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HomePoliticsWhite House chief of staff Ron Klain warned after Hatch Act violation

White House chief of staff Ron Klain warned after Hatch Act violation

Ron Klain in his office, on January, 13, 2015 in Washington, DC.

Bill O’Leary | The Washington Post | Getty Images

White House Chief of Staff Ron Klain received a warning for violating the Hatch Act after he retweeted a political group’s post from his government Twitter account.

The Hatch Act prohibits government officials from using government resources for political activities.

Klain in May retweeted a post from the Democratic group Strike PAC thanking President Joe Biden for shipping out baby formula during the spring shortage. The second half of the tweet ran afoul of the act.

It linked to the PAC store with the text, “Get your Democrats Deliver merch today!” Klain removed the retweet when he learned of the complaint.

America First Legal, a group run by former Trump administration official Stephen Miller, brought the retweet to the attention of the Office of Special Counsel, an independent federal agency. Miller himself violated the Hatch Act, and the OSC at the time recommended action be taken against him.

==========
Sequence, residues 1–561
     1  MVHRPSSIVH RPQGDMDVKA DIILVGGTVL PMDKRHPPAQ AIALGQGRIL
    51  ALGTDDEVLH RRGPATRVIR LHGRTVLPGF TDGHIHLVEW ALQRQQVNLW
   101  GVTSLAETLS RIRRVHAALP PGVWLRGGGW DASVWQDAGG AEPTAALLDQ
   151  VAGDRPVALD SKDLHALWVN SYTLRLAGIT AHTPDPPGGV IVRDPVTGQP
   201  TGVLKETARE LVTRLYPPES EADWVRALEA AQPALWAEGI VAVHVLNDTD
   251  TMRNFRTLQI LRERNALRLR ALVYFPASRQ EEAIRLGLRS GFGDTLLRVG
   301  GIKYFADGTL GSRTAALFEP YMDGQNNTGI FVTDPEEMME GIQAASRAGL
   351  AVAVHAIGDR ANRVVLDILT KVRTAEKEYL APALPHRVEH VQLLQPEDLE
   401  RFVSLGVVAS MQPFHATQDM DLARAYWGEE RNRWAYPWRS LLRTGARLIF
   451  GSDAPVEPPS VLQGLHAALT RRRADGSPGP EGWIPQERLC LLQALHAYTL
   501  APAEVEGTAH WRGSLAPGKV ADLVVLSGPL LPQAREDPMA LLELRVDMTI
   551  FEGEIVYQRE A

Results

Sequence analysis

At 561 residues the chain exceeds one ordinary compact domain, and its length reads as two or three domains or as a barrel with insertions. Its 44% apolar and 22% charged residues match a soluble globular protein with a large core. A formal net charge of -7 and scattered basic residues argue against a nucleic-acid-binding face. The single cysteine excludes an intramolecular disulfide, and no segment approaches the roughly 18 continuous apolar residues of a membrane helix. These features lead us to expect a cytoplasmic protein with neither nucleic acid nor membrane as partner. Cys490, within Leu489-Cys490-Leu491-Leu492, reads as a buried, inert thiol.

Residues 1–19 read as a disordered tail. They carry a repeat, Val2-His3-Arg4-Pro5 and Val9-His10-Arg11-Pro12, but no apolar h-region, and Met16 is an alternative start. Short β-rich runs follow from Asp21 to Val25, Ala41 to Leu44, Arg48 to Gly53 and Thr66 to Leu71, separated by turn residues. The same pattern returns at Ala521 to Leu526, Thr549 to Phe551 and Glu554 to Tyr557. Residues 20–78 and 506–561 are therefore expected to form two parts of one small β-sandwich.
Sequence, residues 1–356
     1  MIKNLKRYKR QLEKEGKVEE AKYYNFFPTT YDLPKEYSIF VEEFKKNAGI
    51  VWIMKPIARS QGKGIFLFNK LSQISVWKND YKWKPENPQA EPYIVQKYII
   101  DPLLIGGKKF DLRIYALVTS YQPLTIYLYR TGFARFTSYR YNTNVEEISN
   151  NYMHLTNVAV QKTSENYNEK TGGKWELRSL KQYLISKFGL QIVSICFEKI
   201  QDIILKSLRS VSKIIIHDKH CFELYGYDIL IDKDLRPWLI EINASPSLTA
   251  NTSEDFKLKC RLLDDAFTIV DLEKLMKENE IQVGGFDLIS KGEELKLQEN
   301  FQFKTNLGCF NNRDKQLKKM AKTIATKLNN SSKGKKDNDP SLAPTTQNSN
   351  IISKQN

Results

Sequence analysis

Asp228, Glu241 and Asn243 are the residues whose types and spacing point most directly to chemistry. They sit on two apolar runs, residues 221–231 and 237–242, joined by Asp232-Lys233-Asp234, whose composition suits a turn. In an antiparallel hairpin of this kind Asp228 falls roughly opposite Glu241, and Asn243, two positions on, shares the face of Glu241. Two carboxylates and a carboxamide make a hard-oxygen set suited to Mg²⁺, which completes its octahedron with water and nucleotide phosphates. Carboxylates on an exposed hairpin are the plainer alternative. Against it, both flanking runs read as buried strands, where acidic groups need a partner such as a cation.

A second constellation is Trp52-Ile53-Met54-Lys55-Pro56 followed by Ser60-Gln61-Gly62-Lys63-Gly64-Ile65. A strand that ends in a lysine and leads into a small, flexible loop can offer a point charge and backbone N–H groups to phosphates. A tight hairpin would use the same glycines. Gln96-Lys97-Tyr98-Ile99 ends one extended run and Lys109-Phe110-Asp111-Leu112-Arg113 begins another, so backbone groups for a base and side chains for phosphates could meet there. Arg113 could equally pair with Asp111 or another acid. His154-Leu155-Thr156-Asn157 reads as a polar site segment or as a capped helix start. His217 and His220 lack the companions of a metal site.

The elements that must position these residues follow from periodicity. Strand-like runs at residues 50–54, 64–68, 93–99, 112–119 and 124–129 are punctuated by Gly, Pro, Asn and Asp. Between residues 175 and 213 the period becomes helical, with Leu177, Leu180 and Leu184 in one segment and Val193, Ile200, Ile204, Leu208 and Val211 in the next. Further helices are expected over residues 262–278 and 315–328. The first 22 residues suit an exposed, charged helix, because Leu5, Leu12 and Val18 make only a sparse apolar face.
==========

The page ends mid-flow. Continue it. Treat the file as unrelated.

America First Legal on Thursday posted a letter from the OSC responding to its complaint. It noted that Klain only received a warning because he promptly removed the tweet.

A spokesperson for the OSC declined to comment on the matter, but confirmed the letter’s authenticity.

Miller was not the only member of the Trump administration to violate the Hatch Act during his time in office. Watchdog group Citizens for Responsibility and Ethics in Washington listed the following Trump officials as Hatch Act violators during Trump’s term: Dan Scavino, Nikki Haley, Stephanie Grisham, Raj Shah, Jessica Ditto, Madeleine Westerhout, Helen Aguirre Ferre, Alyssa Farah, Jacob Wood, Kellyanne Conway and Lynne Patton.

The OSC determined Conway had violated the Hatch Act on so many occasions that it made the unprecedented decision to recommend she be removed from federal duty.

White House press secretary Karine Jean-Pierre told reporters Thursday that Klain is “very careful” and takes the act seriously, but “got it wrong this time.”

“He fixed it as soon as it was pointed out, and takes the warning to be more careful seriously,” Jean-Pierre said. “That’s very different than the prior crew here at the White House before us previously that blatantly, openly and carelessly violated the Hatch Act repeatedly.”

Jean-Pierre herself is cautious about running afoul of the Hatch Act. She frequently reminds reporters from the White House briefing room podium that she cannot comment on political issues because of the act.

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